Ida B. Wells is most famous for her anti lynching campaign, a crusade she had led almost singlehandedly. Born to slavery, Wells didn’t just go on to become a champion of women’s rights but also a successful journalist. Born in 1862 at Holly Springs in Mississippi, Wells had witnessed the lynching of a friend and two other African American men in Memphis. That shook her to the core which later became the foundation for her anti lynching movement. Here are some Ida B. Wells major accomplishments.
1. Resorting to Law
Throughout history, there have been visionary lawmakers but the implementation of the laws has always been questionable. Ida B. Wells was born as a slave but slavery was abolished through the Emancipation Proclamation just six months after her birth. Her entire family was freed but the society was yet to move on and have the new values institutionalized by law instilled in its foundation.
On a train ride to Nashville in 1884, Wells was asked to move to the car that was supposedly meant for the African American community. She had a first class ticket and thus did not want to be profiled and thereon shunned to another car. While she was removed from the car forcibly, she had bit the hand of a man. Later, she resorted to law, sued the railroad and even won a settlement. The decision by the circuit court was subsequently overturned by the Supreme Court. The initial joy of having law by her side was foiled with the disappointment and that is when she embarked on her writing career.
2. Journalistic Activism
Wells was not a journalist or an activist entirely at the early stages of her career. She dabbled in what can be called journalistic activism. Channeling her own experiences and what she had observed around her while living in the south, she wrote about issues and mistreatments meted out to African Americans. She published her articles in periodicals and black newspapers. She ran Headlight, Memphis Free Speech and later Free Speech. During her days of journalistic activism, she also worked as a teacher at a Memphis school. The condition of the schools which were solely meant for blacks was deplorable. She became vocal about those conditions and would consistently write about them in her publications. Eventually, she got fired from the school due to her vocal criticism.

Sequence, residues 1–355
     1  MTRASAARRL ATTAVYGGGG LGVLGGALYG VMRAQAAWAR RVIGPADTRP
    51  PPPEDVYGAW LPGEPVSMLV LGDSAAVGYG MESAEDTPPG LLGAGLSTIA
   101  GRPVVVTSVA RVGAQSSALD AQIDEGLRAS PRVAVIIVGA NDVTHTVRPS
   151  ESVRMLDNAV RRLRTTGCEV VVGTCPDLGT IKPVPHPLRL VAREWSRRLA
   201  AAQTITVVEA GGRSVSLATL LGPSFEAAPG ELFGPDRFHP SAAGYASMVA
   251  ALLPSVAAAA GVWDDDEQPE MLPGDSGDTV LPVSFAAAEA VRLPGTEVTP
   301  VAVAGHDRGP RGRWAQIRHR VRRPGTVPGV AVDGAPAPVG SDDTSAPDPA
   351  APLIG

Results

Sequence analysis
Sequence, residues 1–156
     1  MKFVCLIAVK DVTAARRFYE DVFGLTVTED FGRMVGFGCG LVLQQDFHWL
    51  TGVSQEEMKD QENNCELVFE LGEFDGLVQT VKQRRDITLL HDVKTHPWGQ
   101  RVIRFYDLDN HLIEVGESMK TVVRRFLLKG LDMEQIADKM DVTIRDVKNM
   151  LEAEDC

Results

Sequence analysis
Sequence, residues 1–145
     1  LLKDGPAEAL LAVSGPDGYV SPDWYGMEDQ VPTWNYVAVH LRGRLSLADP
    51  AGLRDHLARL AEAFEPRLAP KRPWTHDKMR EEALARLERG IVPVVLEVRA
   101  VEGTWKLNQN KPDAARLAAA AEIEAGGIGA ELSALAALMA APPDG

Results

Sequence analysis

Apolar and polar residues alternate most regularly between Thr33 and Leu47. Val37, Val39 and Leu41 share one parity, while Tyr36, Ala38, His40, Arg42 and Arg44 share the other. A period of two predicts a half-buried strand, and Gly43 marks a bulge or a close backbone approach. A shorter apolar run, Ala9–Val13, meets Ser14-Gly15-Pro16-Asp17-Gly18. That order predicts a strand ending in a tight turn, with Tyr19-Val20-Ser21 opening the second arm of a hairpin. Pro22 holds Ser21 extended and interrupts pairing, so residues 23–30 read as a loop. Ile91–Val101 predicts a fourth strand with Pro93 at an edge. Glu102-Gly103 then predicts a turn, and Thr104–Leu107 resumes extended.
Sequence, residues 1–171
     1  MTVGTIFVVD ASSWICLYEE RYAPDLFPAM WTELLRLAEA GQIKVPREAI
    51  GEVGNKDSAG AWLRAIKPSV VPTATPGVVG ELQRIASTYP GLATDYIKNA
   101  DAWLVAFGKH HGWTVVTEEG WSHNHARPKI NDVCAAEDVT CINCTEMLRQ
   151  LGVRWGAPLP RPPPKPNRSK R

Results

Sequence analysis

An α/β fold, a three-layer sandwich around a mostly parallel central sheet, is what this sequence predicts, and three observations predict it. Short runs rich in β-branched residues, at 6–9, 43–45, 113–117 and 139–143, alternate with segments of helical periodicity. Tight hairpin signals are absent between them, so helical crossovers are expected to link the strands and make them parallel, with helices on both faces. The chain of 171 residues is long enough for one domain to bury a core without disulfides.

3. Campaign against the Lynching Practice
No stranger to mistreatments, Wells was shocked and also deeply moved by the lynching of three African American men in Memphis which lead to their murders. Circa 1892, Tom Moss partnered with Will Stewart and Calvin McDowell to open a grocery store. The store did brisk business but it was harming the interests of another store in the neighborhood owned by a white American. One night, the three black men protected their store against attackers and in the process shot some of them. Awaiting trial, the black men did not get the representation they deserved. But it did not matter since they were grabbed from their cells and lynched by a mob.
The incident propelled her to travel across the southern states to explore the realities. She obtained enough information and was convinced that the lynching and other mistreatments were common. Later, she documented her findings and vehemently opposed various practices through her publications. One such piece infuriated the whites down south and her office was vandalized and equipment destroyed. The incident made her move up north and she started writing about lynching for New York Age.
She continued her campaign against lynching. She tried to garner support from liberal whites who were interested in reforms protecting the equal rights of all citizens regardless of color. She wrote about the ban on exhibitors from the African American community at the World’s Columbian Exposition in 1893. The same year, she published a detailed account on lynching in ‘A Red Record’.
Five years later, she led a protest against lynching in Washington DC. She called for President McKinley to initiate reforms that would abolish various mistreatments meted out to African Americans.
4. National Association of Colored Women
Ida B. Wells founded the National Association of Colored Women. She was also one of the founders of the NAACP but she disassociated herself from the organization citing lack of initiatives that could have an impact. Later in life, she campaigned for equal rights and to end all discrimination against the blacks. She partook in the National Equal Rights League and campaigned for government jobs for African Americans. She also campaigned for women’s suffrage. She set up the first of its kind kindergarten for African Americans.
Wells may have not succeeded in bringing corrective measures at the very top. She had a failed attempt at becoming a senator. But her writings and campaigns including her speeches went on to galvanize the community and even the whites who were in favor of reforms.